Technology is not a substitute for quality teaching

Blaise Joseph

05 May 2019 | Financial Review
Teachers aren’t going to be replaced by robots. If there are only a few professions where the human aspect is absolutely essential, then teaching is definitely one.

Teacher-student relationships, understanding of complex learning processes and socio-emotional needs, and the ability to respond to student behaviour, are all essential parts of a teacher’s role. Technology is a tool that assists teachers, but it’s no replacement for quality teaching.

The productivity gains from new technology in other industries don’t necessarily translate into better results in the school context.

Further, technology has raised practical problems in schools — which we haven’t yet solved.

For instance, cyber bullying is a serious issue. The more access students have to phones and computers during lesson time, the more potential there is for bullying online throughout the day, which is much harder for a school to monitor than the playground.

It’s all very well to have school internet filters to ensure students use technology for academic purposes only, but in reality IT-savvy kids find a way around filters, sometimes with almost no effort.

Massive distraction

Computers and smartphones can also be massive distractions. It’s practically impossible for a teacher to simultaneously monitor the screen activity of all students in the class while concentrating on teaching.

It’s no surprise many primary schools, and even some secondary schools, have banned mobile phones entirely.

Perhaps tertiary teachers need to look at doing something similar. If you sit at the back of any university lecture theatre, you notice almost no students with laptops, tablets or smartphones are on task (if they’re not checking social media, they’re probably catching up on Game of Thrones).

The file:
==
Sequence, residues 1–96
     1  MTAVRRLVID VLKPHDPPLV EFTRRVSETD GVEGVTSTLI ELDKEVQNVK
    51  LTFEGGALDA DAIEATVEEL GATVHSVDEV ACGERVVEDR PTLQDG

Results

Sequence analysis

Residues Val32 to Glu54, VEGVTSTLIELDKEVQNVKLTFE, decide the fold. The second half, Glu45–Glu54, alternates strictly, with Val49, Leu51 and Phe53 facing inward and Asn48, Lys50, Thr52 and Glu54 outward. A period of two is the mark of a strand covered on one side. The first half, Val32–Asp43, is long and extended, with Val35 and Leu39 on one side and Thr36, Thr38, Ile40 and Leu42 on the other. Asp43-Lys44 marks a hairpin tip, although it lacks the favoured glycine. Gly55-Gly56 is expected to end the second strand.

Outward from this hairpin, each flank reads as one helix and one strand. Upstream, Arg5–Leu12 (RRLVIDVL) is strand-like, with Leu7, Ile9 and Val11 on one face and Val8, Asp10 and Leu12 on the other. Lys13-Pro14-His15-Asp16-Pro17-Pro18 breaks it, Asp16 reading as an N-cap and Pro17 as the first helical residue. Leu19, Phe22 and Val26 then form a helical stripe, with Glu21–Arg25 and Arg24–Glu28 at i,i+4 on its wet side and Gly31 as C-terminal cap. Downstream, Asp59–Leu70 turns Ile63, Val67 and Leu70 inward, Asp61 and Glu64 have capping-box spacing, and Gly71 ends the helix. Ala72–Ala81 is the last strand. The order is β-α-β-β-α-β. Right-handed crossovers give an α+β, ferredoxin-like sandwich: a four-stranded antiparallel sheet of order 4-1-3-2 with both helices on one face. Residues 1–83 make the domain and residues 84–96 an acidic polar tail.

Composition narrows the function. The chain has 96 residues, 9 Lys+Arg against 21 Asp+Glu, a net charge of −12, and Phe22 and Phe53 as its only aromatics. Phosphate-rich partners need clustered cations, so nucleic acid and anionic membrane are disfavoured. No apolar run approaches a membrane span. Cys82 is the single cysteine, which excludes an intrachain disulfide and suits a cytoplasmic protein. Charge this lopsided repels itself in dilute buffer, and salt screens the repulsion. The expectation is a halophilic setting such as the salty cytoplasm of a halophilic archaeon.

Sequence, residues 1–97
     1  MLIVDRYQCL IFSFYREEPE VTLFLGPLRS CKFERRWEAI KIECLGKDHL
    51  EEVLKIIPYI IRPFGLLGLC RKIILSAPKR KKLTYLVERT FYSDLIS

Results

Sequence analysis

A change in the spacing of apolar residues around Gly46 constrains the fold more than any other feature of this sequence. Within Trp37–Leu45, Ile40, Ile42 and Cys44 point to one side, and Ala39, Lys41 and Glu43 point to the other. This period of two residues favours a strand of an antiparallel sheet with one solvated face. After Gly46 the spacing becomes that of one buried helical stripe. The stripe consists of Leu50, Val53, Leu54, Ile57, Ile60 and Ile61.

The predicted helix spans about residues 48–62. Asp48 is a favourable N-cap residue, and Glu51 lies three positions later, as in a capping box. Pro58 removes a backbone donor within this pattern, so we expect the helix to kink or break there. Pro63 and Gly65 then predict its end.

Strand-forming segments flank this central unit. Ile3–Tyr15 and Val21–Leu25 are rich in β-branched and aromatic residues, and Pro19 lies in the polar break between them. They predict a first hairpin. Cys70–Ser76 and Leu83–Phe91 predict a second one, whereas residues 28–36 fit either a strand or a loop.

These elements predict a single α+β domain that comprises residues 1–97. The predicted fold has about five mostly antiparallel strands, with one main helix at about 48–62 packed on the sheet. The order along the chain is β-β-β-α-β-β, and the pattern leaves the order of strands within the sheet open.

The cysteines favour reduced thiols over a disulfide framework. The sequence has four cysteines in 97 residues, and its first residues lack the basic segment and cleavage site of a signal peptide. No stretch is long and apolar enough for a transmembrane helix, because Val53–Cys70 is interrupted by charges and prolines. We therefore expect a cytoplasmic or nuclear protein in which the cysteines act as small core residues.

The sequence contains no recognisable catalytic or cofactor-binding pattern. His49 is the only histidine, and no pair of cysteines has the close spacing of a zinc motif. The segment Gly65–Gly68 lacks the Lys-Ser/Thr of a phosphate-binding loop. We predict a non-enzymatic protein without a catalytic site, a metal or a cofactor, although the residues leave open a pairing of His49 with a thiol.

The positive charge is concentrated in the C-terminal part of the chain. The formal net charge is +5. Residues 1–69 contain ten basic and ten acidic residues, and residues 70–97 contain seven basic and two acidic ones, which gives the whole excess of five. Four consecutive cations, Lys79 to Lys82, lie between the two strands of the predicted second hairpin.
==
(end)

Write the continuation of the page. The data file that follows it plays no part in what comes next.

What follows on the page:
There are good reasons for education technology scepticism. A recent meta-analysis found comprehension is better with reading on paper than reading on a screen. So reading on a physical page allows us take in and retain more of the content on average, even though there is no difference in reading speed between paper and screen. This is especially the case for beginning readers.

There is also some research indicating that handwritten notes are more effective than keyboard notes, in terms of retaining information in the mind.

These studies should make us realise there are potential downsides to transitioning away from pen-and-paper tasks — 21st-century learning isn’t always better.

There are continual demands for schools to buy more technology, but no strong evidence Australia’s school system is lagging behind the world in technological transformation.

Australian schools already have relatively high usage of computers compared to the rest of the world, according to the international education data. In fact, Australian students use computers at school significantly more than all other countries in the OECD with the exception of the Netherlands.

Technology caution

But there is no clear link between education technology use and student achievement. An international OECD report found computers in school were beneficial for student learning — but only up to a point. Beyond a certain ratio of computers to students, there is a negative relationship.

We saw an example of this with the Rudd-Gillard government’s ‘Digital Education Revolution’ program between 2008 and 2013, which involved funding laptops for all students from years 9 to 12.

This was meant to cost taxpayers $1.2 billion but blew out to over $2 billion. And — this may be an earth-shattering shock for some — school results didn’t improve.

The focus around education technology must shift from using it more to using it better. Students can effectively use technology (in moderation) for particular tasks. But in many cases, schools should be cautious about investments in technology until they’re confident of their ability to manage it well.

Most schools will receive significant increases in taxpayer funding in the next 10 years, regardless of who wins the federal election. And while many may wish to spend that money on technology, the evidence doesn’t support this.

Investments in education technology are often expensive, can become obsolete very quickly, and don’t necessarily help students to learn.

If we want to improve Australia’s school results, we have to focus on doing the hard yards with evidence-based instruction in the core academic disciplines.

Blaise Joseph is a research fellow in education at The Centre for Independent Studies.

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